BBC | The broadcasting corporation’s end is “undoubtedly on its way” says Russell T Davies

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Doctor Who showrunner Russell T Davies foresees a gloomy future for the BBC, saying its end is “undoubtedly on its way”.

Russell T Davies knows a thing or two about the inner workings of the BBC, given that he’s worked at the corporation since the start of his career in the mid-1980s (he worked on the kids’ TV show Why Don’t You?, pub trivia fans).

Now the showrunner on Doctor Who, Davies has some gloomy thoughts to share on the future of the BBC. Talking on the podcast They Like To Watch (as picked up by Deadline), Davies talked about the need to make the latest series of Doctor Who a co-production with Disney+, and added that such a deal was necessary in order to secure the show’s long-term future. The reason being that the BBC itself may be reaching the end of its life.

“I had already said in interviews that I think Doctor Who will have to become a co-pro [co-production], there’s no way the BBC is going to fund that,” Davies said. “You’ve also got to look in the long term at the end of the BBC, which is somehow, surely, undoubtedly on its way in some shape or form. What is Doctor Who going to do then? You have to prepare for that.”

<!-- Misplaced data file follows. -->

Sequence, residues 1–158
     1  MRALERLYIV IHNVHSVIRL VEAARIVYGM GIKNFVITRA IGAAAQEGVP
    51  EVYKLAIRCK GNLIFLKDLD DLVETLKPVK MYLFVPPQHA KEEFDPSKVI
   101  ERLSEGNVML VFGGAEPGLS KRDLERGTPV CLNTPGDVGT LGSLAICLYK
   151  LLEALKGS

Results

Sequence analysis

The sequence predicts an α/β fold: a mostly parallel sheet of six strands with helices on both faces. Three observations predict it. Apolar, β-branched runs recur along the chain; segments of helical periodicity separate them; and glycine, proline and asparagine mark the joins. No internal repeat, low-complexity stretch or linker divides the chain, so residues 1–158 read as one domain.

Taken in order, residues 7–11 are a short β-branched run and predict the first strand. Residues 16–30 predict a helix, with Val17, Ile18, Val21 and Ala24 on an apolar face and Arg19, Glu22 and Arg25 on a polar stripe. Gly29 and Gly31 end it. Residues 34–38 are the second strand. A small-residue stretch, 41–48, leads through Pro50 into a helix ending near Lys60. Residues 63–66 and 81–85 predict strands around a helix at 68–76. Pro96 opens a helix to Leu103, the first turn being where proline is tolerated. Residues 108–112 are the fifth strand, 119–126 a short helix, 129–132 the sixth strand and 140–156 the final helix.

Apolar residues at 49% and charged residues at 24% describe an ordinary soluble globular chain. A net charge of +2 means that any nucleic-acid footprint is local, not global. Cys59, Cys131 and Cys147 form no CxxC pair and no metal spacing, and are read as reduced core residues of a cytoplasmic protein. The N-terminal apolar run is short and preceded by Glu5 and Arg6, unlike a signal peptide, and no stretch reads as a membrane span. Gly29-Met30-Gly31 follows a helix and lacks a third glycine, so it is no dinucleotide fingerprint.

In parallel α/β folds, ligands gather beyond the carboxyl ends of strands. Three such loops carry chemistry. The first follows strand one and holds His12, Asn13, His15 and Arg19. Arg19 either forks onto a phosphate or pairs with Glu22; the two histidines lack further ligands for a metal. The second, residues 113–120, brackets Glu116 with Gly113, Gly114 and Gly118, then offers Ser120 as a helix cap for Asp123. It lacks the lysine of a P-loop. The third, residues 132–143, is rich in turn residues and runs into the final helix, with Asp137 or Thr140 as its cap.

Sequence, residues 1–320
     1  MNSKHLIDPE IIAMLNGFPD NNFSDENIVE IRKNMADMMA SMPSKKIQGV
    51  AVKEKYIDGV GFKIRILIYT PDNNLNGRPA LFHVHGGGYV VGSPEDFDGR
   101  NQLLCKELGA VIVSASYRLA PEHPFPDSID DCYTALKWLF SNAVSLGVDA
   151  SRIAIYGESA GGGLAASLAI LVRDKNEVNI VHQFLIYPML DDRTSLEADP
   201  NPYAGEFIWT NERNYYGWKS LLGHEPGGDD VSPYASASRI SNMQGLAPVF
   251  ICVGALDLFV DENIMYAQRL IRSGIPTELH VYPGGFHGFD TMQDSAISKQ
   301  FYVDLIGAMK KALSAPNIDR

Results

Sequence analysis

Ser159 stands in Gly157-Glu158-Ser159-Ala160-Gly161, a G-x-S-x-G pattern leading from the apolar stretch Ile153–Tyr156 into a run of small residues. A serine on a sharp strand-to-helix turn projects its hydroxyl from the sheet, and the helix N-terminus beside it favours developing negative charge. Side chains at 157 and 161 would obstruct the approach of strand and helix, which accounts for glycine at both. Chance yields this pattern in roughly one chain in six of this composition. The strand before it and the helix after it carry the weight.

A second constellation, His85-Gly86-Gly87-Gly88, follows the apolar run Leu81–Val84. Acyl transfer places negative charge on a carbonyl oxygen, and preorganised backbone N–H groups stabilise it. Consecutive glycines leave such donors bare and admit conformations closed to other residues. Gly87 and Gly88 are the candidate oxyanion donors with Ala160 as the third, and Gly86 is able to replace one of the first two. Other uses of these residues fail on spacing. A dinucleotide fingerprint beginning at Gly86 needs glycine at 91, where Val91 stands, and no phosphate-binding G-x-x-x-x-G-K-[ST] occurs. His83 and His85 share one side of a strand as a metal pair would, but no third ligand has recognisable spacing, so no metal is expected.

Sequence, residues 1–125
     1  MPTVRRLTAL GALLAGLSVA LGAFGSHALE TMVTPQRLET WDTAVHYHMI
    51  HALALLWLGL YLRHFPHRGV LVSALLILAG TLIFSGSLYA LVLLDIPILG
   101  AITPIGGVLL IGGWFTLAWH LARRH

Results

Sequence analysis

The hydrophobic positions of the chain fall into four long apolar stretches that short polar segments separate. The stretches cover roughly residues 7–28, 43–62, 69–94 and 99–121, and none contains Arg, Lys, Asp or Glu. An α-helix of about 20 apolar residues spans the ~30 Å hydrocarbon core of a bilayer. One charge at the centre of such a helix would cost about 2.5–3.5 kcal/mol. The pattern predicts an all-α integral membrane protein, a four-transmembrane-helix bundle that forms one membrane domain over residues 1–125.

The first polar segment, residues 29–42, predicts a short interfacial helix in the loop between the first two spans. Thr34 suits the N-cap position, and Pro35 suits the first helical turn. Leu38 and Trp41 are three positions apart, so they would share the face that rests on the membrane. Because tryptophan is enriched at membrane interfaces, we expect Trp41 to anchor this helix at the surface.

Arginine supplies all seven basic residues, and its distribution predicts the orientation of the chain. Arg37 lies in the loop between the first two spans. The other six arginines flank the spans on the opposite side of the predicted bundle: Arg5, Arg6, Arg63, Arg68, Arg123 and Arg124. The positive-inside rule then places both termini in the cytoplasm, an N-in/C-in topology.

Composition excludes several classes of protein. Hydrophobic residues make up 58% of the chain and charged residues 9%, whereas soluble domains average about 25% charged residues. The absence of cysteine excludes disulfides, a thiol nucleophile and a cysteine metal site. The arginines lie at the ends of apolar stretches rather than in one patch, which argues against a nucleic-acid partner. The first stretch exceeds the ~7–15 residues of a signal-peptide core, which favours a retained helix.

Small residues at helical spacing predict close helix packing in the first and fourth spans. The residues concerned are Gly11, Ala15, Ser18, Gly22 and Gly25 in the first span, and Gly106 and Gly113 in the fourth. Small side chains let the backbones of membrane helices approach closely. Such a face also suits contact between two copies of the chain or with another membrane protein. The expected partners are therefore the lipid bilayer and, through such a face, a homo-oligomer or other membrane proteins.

Read more: Doctor Who in the 1960s | The William Hartnell and Patrick Troughton years

Both the BBC and Doctor Who have celebrated significant milestones in recent years: the BBC’s centenary landed on the 17th October 1922 while Doctor Who reached its 60th anniversary last year.

Recent years have, however, seen the British Broadcasting Corporation’s future come under competitive pressure from rival streaming giants, and there are now questions being asked about the viability of the licence fee, which is as old as the BBC itself. The BBC’s director general Tim Davie has pledged to “secure the future” of the corporation as a decline in licence fee payments and government cuts have eaten into the BBC’s income.

The licence fee is up for renewal in 2027, and there have been investigations into what might replace it if it’s scrapped altogether; what these might be isn’t currently clear.

Doctor Who’s latest series, starring Ncuti Gatwa and Millie Gibson, will begin streaming on BBC iPlayer from the 11th May.

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